Another way to derive potential migration trends would be population growth, where the Census has released data for 2018.5 Here we do see potential indications of a trend: Overall US population growth in 2018 was relatively flat compared to 2017, as well as over the three-year and five-year period leading up to 2018 (see Exhibit 5). However, for the states with elevated deductions as a percent of AGI, growth evaporated in 2018.


One challenge with the IRS/Census Bureau data is the lag in the information. The Tax Cuts and Jobs Act was passed in December 2017, effective for 2018. Many citizens were not required to file their 2018 taxes until April 15, 2019, and the Census Bureau won’t release the data until September 2020. Thus, we are unable to assess the early impact of the tax law changes using IRS/Census Bureau data at the state or MSA level. However, we do have overall state-to-state movers from 2018, and surprisingly, total mobility was down just under 10% for 2018 compared to 2017, and 1% below the average for the 2010s (see Exhibit 4).

Exhibit 4: State-to-State Movers by Year (Total and Percent of Population)
(Source: US Census, USAA Real Estate Research)
Exhibit 5: Recent Population Growth Trends
(Source: US Census, USAA Real Estate Research)

Anecdotally, a counterargument to the idea that tax legislation will have a significant impact on migration trends are recent announcements by large tech companies regarding expansion and corporate relocation. These firms appear to remain highly focused on talent. Recent high-profile examples include:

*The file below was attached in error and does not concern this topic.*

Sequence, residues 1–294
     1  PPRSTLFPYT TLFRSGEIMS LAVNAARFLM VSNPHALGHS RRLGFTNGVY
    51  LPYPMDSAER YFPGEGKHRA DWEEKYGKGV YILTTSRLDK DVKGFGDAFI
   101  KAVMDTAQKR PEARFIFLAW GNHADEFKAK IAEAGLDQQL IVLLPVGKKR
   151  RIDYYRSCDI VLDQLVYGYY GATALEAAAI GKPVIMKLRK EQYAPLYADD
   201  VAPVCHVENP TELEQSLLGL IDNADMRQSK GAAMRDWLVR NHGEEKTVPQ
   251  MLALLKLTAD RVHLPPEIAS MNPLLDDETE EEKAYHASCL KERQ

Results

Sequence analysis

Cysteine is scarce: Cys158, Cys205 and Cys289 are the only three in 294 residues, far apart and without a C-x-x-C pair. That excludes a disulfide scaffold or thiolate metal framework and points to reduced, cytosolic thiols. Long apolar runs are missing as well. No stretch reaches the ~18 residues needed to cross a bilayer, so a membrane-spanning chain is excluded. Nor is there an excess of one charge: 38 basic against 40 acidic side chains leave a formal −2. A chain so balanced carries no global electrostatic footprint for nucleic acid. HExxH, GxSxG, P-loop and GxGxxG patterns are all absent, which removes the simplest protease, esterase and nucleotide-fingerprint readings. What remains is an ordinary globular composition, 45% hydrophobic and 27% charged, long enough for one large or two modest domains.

• Google’s December 2018 announcement that it will spend $1 billion to build a new campus in New York City, and April 2019 announcement it had leased four buildings in north San Jose.
  • Amazon’s November 2018 announcement of its selection of Crystal City and Long Island City for its HQ2 expansion.6
  • Apple’s December 2018 announcement of a new, $1 billion campus in Austin, as well as new sites in Seattle, San Diego, and Culver City.


Ultimately, real estate investors are interested in how changes in migration patterns will create opportunities and risks in their portfolio. Assessing the historical impact of migration patterns on overall demographic changes and real estate performance can help with this. Are coastal states, such as New York and California, facing a significant risk because of the Tax Cuts and Jobs Act?

(Click for full-screen view)

We tested the relationship between net migration and multifamily total returns as well. Correlation falls below a meaningful threshold, at 0.11 (see Exhibit 10).